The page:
The :success-prob method can be improved in a number of ways. As one example, we might want to be able to obtain standard errors in addition to estimates. A convenient way to provide for this possibility is to have our method take an optional argument. If this argument is nil, the default, then the method just returns the estimate. If the argument is not nil, then the method returns a list of the estimate and its standard error.

To calculate the standard error, it is easier to start with the logit of the probability, since the logit is a linear function of the model coefficients. The method defined as

```(defmeth bradley-terry-proto :success-logit (i j &optional stdev)
(let ((coefs (send self :coef-estimates)))
(flet ((lincomb (i j)
(let ((v (repeat 0 (length coefs))))
(if (/= 0 i) (setf (select v (- i 1)) 1))
(if (/= 0 j) (setf (select v (- j 1)) -1))
v)))
(let* ((v (lincomb i j))
(logit (inner-product v coefs))
(var (if stdev (matmult v (send self :xtxinv) v))))
(if stdev (list logit (sqrt var)) logit)))))
```
returns the estimate or a list of the estimate and approximate standard error of the logit:
```> (send wl :success-logit 4 3)
-0.13992
> (send wl :success-logit 4 3 t)
(-0.13992 0.305583)
```
The logit is calculated as a linear combination of the coefficients; a list representing the linear combination vector is constructed by the local function lincomb.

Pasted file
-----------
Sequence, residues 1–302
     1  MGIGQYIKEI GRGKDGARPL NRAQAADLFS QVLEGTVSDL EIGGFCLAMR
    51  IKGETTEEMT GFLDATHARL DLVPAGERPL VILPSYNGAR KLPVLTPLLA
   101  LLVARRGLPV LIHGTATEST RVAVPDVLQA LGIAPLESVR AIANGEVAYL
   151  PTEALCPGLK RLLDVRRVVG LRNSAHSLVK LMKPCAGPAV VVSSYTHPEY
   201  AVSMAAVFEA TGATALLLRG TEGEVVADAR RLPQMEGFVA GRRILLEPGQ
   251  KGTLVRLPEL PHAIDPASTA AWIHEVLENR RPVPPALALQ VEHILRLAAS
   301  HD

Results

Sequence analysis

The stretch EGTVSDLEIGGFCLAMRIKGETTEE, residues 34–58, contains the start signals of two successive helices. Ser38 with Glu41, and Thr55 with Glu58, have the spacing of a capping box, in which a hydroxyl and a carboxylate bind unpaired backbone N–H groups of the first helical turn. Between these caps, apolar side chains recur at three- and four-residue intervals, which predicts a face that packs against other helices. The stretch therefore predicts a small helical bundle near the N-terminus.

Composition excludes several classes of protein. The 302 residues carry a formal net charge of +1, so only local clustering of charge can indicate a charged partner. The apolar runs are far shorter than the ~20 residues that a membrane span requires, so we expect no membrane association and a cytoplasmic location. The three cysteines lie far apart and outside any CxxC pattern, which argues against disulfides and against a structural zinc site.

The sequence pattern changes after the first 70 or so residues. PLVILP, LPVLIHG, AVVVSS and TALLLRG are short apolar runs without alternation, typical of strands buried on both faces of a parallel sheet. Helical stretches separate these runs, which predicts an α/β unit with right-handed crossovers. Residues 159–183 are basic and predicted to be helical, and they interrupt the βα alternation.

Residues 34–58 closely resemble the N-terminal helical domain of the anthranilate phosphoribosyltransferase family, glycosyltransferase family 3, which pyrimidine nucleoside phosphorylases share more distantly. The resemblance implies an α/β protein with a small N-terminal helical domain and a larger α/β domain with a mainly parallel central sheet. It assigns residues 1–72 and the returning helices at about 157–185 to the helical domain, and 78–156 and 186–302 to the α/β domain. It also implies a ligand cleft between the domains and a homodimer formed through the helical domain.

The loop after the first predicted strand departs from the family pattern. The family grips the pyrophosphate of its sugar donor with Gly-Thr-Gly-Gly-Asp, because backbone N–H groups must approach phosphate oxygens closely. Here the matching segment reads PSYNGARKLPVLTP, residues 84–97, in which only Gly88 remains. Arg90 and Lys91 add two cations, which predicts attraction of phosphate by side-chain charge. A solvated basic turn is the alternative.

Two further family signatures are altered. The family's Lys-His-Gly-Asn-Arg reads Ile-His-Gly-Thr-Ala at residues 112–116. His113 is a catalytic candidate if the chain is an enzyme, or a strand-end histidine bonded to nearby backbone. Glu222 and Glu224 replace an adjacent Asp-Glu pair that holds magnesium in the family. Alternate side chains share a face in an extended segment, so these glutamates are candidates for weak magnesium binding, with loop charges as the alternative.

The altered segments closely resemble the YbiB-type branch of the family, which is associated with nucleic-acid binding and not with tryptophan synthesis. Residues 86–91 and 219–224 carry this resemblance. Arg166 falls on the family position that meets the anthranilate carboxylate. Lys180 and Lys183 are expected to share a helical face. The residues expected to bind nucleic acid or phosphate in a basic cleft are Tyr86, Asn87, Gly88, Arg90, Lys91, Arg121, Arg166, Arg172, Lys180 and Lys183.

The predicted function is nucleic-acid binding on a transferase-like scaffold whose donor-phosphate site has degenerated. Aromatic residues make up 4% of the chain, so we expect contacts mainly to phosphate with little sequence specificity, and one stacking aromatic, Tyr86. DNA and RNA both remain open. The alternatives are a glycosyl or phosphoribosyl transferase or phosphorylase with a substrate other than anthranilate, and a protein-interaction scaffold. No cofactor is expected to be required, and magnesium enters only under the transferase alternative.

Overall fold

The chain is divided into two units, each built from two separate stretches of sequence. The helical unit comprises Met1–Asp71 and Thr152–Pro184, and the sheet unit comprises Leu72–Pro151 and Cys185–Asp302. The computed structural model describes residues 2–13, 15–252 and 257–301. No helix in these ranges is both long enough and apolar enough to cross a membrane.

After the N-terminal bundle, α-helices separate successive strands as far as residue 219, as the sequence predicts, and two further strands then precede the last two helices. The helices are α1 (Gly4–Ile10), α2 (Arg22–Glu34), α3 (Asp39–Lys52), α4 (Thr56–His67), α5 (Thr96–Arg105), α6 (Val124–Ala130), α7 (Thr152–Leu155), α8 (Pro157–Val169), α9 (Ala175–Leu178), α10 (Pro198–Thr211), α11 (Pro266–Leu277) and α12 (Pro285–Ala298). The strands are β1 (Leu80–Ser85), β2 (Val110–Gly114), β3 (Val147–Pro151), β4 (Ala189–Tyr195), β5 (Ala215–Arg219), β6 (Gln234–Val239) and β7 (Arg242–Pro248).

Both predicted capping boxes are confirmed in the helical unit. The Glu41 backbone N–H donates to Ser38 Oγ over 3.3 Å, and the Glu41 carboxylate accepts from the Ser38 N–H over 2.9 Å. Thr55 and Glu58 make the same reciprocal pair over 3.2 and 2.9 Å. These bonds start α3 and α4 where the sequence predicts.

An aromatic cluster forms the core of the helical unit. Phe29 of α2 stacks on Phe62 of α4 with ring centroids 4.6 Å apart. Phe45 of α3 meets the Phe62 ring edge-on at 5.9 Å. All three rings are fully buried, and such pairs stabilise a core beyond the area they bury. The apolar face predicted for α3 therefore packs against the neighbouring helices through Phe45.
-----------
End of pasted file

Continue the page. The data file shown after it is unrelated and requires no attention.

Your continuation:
Standard errors for success probabilities can be computed form the results of :success-logit using the delta method:

```(defmeth bradley-terry-proto :success-prob (i j &optional stdev)
(let* ((success-logit (send self :success-logit i j stdev))
(exp-logit (exp (if stdev (first success-logit) success-logit)))
(p (/ exp-logit (+ 1 exp-logit)))
(s (if stdev (* p (- 1 p) (second success-logit)))))
(if stdev (list p s) p)))
```
For our example, the results are
```> (send wl :success-prob 4 3)
0.465077
> (send wl :success-prob 4 3 t)
(0.465077 0.0760231)
```

These methods can be improved further by allowing them to accept sequences of indices instead of only individual indices.

Next: Acknowledgements Up: Generalized Linear Models in Previous: Link Structures

Luke Tierney
Tue Jan 21 14:42:18 CST 1997